It is easy to miss the significance and lasting impact of this abstraction process — particularly its impact on the IT operational model. According to numerous studies, enterprises spend the vast majority of their resources on maintaining the organization’s technology stack.
A large percentage of that commitment is in the form of identifying and patching security vulnerabilities and maintaining the application infrastructure —critical tasks, but which add no incremental value to the organization.
The use of a metadata-driven application architecture helps organizations overcome this operational paralysis through abstraction. When the security team identifies a new security vulnerability, they patch the delivery platform once in a central location, and all deployed applications automatically benefit from it. Likewise, when the organization requires an update to the underlying application architecture, they update it once centrally and without any additional application maintenance — as the abstraction enables full and on-going backward compatibility.
The result is an end to the continuous stream of resource-intensive IT projects that do nothing but maintain already-deployed systems, add no incremental business value, and do nothing to help the organization respond to changes in the market or seize new business opportunities.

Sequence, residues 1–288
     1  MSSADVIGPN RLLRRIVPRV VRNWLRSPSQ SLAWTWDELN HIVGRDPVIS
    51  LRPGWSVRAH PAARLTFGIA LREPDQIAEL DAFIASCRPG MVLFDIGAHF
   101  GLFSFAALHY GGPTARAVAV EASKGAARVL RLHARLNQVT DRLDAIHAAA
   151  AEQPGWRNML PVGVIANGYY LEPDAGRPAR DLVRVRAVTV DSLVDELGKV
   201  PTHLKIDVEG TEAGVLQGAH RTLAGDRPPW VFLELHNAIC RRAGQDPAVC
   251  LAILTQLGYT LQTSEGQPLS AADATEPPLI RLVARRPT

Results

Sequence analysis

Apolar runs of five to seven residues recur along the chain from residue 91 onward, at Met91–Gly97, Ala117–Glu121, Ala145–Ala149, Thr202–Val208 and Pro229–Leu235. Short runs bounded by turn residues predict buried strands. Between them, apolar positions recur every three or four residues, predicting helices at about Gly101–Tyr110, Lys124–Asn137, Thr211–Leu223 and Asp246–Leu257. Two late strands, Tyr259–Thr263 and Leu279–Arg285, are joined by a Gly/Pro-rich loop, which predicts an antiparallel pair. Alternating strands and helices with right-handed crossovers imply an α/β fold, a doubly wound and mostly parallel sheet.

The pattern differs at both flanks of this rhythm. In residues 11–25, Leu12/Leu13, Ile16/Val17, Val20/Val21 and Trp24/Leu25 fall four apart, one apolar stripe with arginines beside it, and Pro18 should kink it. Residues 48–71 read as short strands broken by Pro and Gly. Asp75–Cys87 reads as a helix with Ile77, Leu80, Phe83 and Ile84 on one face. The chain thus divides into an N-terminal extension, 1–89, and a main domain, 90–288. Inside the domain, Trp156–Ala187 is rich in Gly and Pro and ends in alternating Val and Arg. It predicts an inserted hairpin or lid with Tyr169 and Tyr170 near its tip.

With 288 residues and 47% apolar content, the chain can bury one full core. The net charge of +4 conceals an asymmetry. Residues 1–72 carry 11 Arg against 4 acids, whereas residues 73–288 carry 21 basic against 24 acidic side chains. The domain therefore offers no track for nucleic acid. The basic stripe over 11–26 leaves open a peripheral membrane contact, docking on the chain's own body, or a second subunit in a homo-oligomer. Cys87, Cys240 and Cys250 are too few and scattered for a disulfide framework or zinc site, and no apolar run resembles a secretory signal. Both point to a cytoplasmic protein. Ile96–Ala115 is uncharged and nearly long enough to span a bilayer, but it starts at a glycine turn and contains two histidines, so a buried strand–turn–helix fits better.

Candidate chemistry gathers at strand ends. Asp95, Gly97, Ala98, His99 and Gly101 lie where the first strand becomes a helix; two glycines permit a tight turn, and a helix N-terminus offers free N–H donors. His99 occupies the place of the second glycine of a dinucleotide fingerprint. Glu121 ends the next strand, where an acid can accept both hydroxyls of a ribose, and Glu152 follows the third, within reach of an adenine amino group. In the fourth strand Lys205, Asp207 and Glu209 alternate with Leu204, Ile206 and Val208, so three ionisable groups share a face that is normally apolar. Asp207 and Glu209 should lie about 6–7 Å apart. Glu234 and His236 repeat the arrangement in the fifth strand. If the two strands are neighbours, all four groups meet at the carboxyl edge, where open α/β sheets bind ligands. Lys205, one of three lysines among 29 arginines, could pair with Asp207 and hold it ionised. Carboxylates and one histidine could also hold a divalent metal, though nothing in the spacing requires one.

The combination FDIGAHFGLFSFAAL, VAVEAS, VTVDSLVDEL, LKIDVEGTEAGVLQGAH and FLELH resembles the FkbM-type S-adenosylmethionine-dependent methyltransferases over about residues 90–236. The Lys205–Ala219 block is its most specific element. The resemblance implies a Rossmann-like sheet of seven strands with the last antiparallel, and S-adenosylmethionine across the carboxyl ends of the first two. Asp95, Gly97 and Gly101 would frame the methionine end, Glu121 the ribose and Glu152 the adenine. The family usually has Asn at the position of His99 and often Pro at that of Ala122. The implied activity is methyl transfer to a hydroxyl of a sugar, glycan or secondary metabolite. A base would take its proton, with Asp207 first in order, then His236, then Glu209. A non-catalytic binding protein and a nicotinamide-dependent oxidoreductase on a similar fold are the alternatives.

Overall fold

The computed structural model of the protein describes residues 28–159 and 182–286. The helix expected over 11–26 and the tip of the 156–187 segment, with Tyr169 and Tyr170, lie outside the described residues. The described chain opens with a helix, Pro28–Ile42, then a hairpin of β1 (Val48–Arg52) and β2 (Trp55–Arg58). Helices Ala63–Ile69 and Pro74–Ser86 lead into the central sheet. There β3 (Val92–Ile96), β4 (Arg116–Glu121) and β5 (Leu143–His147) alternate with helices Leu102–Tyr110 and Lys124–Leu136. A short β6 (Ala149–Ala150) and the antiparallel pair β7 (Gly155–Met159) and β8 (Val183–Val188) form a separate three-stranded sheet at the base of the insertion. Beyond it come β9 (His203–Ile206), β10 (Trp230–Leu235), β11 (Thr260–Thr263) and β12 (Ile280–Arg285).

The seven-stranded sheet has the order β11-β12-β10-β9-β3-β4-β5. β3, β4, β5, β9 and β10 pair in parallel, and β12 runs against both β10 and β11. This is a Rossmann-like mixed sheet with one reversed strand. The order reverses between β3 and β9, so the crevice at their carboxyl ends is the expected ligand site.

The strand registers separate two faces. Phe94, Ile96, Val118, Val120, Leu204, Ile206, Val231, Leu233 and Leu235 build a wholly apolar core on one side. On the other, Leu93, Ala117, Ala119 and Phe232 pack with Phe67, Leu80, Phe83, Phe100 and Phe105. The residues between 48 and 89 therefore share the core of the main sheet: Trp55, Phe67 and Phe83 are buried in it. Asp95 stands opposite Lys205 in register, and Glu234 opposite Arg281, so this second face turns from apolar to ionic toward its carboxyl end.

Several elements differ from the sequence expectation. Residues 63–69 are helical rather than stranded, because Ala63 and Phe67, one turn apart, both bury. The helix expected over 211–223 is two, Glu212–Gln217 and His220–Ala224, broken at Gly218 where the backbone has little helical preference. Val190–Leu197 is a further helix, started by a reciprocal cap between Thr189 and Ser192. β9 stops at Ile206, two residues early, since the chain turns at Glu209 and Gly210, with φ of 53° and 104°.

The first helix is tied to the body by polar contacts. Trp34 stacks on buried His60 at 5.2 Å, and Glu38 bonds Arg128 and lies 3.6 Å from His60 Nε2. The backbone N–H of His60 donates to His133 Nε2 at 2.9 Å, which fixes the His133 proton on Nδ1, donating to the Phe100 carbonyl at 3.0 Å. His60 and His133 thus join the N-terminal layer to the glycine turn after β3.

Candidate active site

Low-code and no-code platforms hold much promise for enterprise organizations. On the surface, they help them address the need to increase automation and empower business users to create applications for themselves.
But creating more automation only solves part of the problem. Enterprises must also address the need to reduce their maintenance and security overhead if they hope to increase their organizational agility and seize emerging opportunities.
A new generation of development platforms built on metadata-driven architectures, such as Claysys, help organizations solve this hard problem.
Using this type of architecture, organizations can create complex, enterprise-class applications in an entirely no-code environment. Moreover, this architectural model enables organizations to both update core functionality and patch security vulnerabilities within the delivery platform itself, rather than within individual applications — eliminating two of the most significant challenges they face as they exponentially increase automation.
Enterprise organizations are caught between the proverbial rock and a hard place. They must relentlessly increase the use of automation in every aspect of the business, yet somehow try to manage the increased risk profile and maintenance headache that comes with the increased complexity of the resulting application stack. Metadata-driven application development architectures hold the promise to help organizations finally find a way out of this conundrum.
Copyright © Intellyx LLC. ClaySys is an Intellyx client. Intellyx retains full editorial control over the content of this paper.